Cubs chairman Tom Ricketts sheds light on team spending, sportsbook, streaming

Could the Cubs go over the luxury tax this season?

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Cubs chairman Tom Ricketts signs autographs and spends time with fans Monday at Cubs Spring Training in Mesa, Arizona.

Cubs chairman Tom Ricketts signs autographs and spends time with fans Monday at Cubs Spring Training in Mesa, Arizona.

John Antonoff/For the Sun-Times

MESA, Ariz. — Chairman Tom Ricketts has said he expects the Cubs’ payroll will be right around the competitive balance tax (CBT).

But what if the Cubs get off to a hot start and look like a potential playoff contender? Will president of baseball operations Jed Hoyer be beholden to staying below the luxury tax?

‘‘You want to be careful going over the CBT because there are penalties,’’ Ricketts said on the first day of full-squad workouts Monday. ‘‘Some of the penalties are merely financial, but over time they become draft-pick slots and those kinds of things. So you want to be thoughtful about it, and you want to just be alert and manage around it if you can. If we’re midseason and we need a player, we’ll do what we have to do then.’’

That sounds as though the Cubs won’t let the CBT stop them from adding the right player. But there’s a catch or two. Ricketts won’t be impersonating the Mets’ Steve Cohen or the Phillies’ John Middleton anytime soon.

Ricketts joined camp Monday, and after addressing the players as part of the first-day meetings, he spoke with the media on a wide range of topics. Much of the talk hinged on the Cubs’ spending.

Understanding Ricketts’ approach requires an understanding of the CBT, a measure that its supporters claim protects parity across the majors and one its detractors say promotes salary suppression.

The CBT taxes teams that go above a preset payroll threshold. That threshold is $233 million in 2023, and it rises incrementally in each year of the collective-bargaining agreement. The penalties are determined by how much the team spends above the threshold and how many years in a row they do so. Teams that come in $40 million-plus above the threshold also lose draft position.

The Cubs rank ninth in projected luxury-tax payroll this year (about $225 million), according to rosterresource.com. Considering they are in the No. 3 market in the country, many fans have called for them to be a perennial top spender.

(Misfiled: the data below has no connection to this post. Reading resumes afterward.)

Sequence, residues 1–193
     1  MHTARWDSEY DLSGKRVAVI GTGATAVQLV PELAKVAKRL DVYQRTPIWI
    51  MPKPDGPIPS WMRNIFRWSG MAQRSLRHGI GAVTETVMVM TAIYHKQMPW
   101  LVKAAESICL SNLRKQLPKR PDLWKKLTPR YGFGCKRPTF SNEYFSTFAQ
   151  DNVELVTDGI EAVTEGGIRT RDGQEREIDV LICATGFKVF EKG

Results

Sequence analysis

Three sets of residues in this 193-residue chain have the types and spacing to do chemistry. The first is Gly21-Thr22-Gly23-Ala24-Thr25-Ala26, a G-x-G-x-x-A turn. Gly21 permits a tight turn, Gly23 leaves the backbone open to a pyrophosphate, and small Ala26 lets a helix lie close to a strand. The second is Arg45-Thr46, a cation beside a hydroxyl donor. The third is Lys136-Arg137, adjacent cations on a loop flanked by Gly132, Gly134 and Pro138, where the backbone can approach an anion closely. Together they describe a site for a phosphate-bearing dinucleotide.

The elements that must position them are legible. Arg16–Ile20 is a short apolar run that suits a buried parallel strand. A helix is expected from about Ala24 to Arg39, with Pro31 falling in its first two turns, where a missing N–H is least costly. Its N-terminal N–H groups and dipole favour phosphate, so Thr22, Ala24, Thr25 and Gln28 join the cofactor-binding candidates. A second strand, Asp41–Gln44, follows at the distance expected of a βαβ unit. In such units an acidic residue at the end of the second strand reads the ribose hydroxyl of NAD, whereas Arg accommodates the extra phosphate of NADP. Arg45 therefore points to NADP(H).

‘‘If we see an opportunity or it’s the right time to go over for a year or two, we’ll have the ability to do that,’’ Ricketts said. ‘‘But we’ll manage that year to year. I’m not gonna promise top five or anything like that. But we will definitely put the resources we have on the field.’’

A year or two at a time, sure. But Ricketts was much more wary about sitting above the threshold for any longer than that. Teams incur the highest penalties when they’re above the threshold for three or more consecutive years.

Hold your bets

The DraftKings Sportsbook the Cubs are building outside Wrigley Field won’t be ready for Opening Day, Ricketts said.

‘‘It’ll be sometime maybe late spring, early summer,’’ he said.

The Cubs don’t profit off fans’ bets, but there are other financial advantages.

‘‘What we primarily get out of that is DraftKings as a sponsor,’’ Ricketts said. ‘‘And all the sponsorship revenue goes back through the team to the baseball guys to spend more or less.’’

Stream away soon?

Ricketts said the Cubs are ‘‘still looking at’’ a direct-to-consumer option for streaming games on Marquee Sports Network in 2023.

‘‘The most important thing with our direct-to-consumer is, we just want to do it right the first time,’’ he said. ‘‘We want to make sure that when we do have it out there, it’s of good value to fans. And we realize that the way people consume the game is changing. We want to make sure we accommodate that. But it’s kind of like a ‘measure twice, cut once’ thing for us.’’

That, too, might not be ready for Opening Day.

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